What level? Hmm!
Truth be told, I was scared shitless. Ibukun had been known to beat up a number of boys in school and I wasn’t about to become another statistic. More so, I knew if Ibukun beat me, the news would spread through the school in the shortest possible time and my reputation, which was just going up, was going to be in ruins.
Thus, I did all I could not to succumb to Ibukun’s taunting, but as you know, in those days the decision to get into fights was not entirely yours, so to speak. There was me, Ibukun, who was ready to roll the punches and our multitude of promoters. Many a fight wouldn’t have been fought if not for the work of promoters. They repeated everything your would-be opponent said to you again, as if you didn’t hear him in the first place, with salt and pepper added of course, to make it pinch a lot more than it would have ordinarily.
Eventually, I agreed to sort things out with Ibukun, man to man, after school. My decision to fight was not predicated on any self delusional thinking that I might be victorious but that i could save some face by fighting and avoid being labelled a coward. I thought it was better to be beaten than be called a chicken all my life, well, school life.
The die was cast. The news was out. Blackjamesbond was fighting Ibukun at Rowe Park later that afternoon. That was the news in the class. Concentrating in class after that decision was difficult. While I appeared all cool on the outside, I was petrified on the inside. I said a few prayers before close of school but none of them was answered. My father didn’t close early and didn’t come to pick me at school, my Mum didn’t show up and Ibukun didn’t come down with a severe case of diarrhoea.
The distance between the school and Rowe Park was about a mile, my green mile, as I was sure the guy was going to kill me out there but still I hoped that someone would have the good sense of separating us and stop the fight before I am finished off. But knowing the rules by which Rowe Park fights were officiated, I knew I was in for a good hiding. No one stopped a fight in Rowe Park until blood was drawn, sand eaten and one of the fighters, the victor, was seated on the other, the beaten, asking all the questions and getting all the proper answers. Rowe Park was ‘oju olomo o’to’ [Paraphrased: Rowe Park was PG 18].
When we got to Rowe Park, the promoters quickly looked for a remote part of the park where we could fight without being spotted by the officials and after they had found the perfect spot, a circle was immediately formed around us and the fight began.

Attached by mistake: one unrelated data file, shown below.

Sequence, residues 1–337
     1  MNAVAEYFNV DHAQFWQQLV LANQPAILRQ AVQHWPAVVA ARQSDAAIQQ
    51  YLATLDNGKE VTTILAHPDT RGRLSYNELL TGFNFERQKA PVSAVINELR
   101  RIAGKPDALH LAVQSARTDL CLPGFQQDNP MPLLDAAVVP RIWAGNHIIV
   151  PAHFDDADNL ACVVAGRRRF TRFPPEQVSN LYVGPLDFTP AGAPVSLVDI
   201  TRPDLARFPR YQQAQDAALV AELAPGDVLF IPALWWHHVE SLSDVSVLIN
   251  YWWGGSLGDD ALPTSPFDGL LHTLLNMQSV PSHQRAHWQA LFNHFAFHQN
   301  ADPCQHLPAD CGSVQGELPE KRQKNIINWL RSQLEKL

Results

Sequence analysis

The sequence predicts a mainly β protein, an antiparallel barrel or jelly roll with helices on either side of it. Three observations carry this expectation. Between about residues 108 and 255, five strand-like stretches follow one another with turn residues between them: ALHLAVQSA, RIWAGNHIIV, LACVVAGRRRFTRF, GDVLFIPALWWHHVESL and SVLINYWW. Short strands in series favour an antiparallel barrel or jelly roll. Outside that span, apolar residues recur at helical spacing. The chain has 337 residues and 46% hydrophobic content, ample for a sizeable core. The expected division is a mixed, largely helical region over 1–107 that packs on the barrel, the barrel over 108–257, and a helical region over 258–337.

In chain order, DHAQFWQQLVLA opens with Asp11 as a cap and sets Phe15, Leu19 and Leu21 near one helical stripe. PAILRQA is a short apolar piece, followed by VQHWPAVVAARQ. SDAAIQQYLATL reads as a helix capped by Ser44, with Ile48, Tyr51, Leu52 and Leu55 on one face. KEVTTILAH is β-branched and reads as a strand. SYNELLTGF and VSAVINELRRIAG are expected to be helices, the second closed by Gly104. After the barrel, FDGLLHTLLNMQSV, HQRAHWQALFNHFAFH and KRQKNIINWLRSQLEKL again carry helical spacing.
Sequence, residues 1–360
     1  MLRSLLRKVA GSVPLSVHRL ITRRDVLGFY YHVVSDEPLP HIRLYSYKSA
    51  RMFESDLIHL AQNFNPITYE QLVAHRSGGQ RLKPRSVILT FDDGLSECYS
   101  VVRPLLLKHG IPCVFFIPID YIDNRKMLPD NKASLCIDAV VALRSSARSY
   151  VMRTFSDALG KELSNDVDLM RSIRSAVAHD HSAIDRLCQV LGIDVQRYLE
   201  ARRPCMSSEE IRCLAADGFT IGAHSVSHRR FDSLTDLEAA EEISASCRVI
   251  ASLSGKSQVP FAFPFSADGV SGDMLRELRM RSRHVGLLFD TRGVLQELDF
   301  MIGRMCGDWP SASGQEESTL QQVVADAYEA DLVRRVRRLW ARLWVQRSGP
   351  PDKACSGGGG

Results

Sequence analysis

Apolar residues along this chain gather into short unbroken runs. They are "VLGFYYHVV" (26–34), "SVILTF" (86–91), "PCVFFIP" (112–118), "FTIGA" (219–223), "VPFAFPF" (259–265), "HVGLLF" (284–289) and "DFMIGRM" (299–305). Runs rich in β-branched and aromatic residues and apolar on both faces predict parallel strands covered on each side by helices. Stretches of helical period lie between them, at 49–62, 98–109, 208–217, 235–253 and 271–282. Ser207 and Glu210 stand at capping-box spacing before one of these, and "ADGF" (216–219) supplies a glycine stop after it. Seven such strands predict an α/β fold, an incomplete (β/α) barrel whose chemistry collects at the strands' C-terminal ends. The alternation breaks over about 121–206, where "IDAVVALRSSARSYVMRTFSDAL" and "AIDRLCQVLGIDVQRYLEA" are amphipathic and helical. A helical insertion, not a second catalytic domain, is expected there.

As expected, Ibukun was the more confident one and he came out stinging. In my mind, I knew there was no way I was going to beat him boxing, so I decided I was just going to get really close to him and just hold him down. That way I was sure I could prevent him from doing any serious damage and hope that someone would separate us if I held onto him long enough.
Ibukun threw a few punches but only one landed but it wasn’t strong enough to cause any serious damage but if the noise all around us was anything to go by, a passerby would have thought someone was getting killed. Ibukun, spurred on by all the noise came out punching again but albeit recklessly. Before he could retreat and plan another round of attack, I ducked underneath his outstretched arms and put my arms all around him. Then I made a startling discovery. Ibukun was very light, almost paper weight! I knew if I could lift him and slam him to the ground, I could win the fight.
So, with my arms around him, I changed my position, crouched a little and tried to lift him up. Not someone to be easily outdone, he quickly put one of his legs between mine and threw the other backwards to support his resistance but he was too late. I had him where I wanted him and before he could offer a more spirited resistance, I had lifted him up and slammed him to the ground.
Being captain became a lot easier after that fight. I asked all the questions and got all the right answers.
I still don’t eat sand.